In FIG. 1 assume that microphone A is the origin and that the rectangular coordinates of the stylus tip are represented by x and y. If the distance between microphone centers is designated c and the distance between the stylus tip and the microphones A and B are respectively designated by a and b, the expressions for x and y are:
x2 +y2 =a2 (1)
(c-x)2 +y2 =b2 (2)
Solving for x and y yields: ##EQU1## (See U.S. Pat. No. 4,012,588).
The dashed lines 15 and 16 indicate the bounds of the area within which the stylus position is to be determined in this embodiment. Determinations outside lines 15 and 16 (e.g. with negative values of x resulting from positions to the left of line 15) can be obtained, but excessively obtuse angles tend to introduce error due to number sizing.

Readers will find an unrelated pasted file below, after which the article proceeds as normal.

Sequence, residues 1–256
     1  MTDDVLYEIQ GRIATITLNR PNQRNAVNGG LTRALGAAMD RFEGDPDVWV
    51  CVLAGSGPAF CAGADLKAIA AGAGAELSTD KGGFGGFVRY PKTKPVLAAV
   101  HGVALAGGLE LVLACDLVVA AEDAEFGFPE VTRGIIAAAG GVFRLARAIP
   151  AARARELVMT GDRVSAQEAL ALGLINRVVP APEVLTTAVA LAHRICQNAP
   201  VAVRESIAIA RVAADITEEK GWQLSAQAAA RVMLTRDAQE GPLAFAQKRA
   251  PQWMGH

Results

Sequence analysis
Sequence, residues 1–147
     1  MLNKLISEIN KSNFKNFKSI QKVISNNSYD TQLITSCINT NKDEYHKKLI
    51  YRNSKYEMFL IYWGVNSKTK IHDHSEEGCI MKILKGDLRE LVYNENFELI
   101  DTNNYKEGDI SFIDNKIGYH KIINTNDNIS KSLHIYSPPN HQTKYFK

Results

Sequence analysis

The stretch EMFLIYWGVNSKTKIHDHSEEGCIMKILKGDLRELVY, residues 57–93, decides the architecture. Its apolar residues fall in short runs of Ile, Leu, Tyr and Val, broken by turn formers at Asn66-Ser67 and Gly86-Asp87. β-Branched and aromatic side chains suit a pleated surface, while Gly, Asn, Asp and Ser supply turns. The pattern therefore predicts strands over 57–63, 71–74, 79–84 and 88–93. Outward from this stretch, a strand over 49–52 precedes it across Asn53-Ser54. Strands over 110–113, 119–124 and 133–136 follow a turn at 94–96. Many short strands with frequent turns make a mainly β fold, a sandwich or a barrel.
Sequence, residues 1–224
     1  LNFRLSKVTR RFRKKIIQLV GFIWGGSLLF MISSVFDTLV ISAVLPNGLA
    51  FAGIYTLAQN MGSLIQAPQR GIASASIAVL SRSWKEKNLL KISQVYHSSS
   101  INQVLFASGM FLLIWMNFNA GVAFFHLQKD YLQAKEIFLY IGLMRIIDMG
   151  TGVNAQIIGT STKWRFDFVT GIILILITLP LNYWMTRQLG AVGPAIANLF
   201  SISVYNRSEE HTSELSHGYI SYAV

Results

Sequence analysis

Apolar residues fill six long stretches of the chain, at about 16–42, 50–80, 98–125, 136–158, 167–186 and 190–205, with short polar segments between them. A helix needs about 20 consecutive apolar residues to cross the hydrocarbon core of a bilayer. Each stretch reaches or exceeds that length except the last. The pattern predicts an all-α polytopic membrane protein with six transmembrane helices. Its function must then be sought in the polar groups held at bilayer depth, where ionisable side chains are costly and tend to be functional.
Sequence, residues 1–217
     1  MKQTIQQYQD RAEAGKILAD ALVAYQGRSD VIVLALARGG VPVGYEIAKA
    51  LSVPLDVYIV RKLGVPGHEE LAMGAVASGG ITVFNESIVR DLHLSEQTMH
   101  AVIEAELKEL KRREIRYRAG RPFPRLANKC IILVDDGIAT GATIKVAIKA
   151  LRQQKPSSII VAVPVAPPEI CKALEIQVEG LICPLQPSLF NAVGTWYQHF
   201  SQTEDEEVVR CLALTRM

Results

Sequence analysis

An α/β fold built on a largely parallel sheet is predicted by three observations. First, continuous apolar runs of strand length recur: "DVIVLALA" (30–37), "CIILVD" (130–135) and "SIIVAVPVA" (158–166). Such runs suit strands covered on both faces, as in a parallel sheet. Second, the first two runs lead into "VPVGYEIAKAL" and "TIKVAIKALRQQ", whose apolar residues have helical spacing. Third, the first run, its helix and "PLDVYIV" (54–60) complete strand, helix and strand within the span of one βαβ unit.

Referring to FIGS. 3 and 4, there is shown a flow diagram in accordance with which the microprocessor system is programmed to carry out the functions described herein.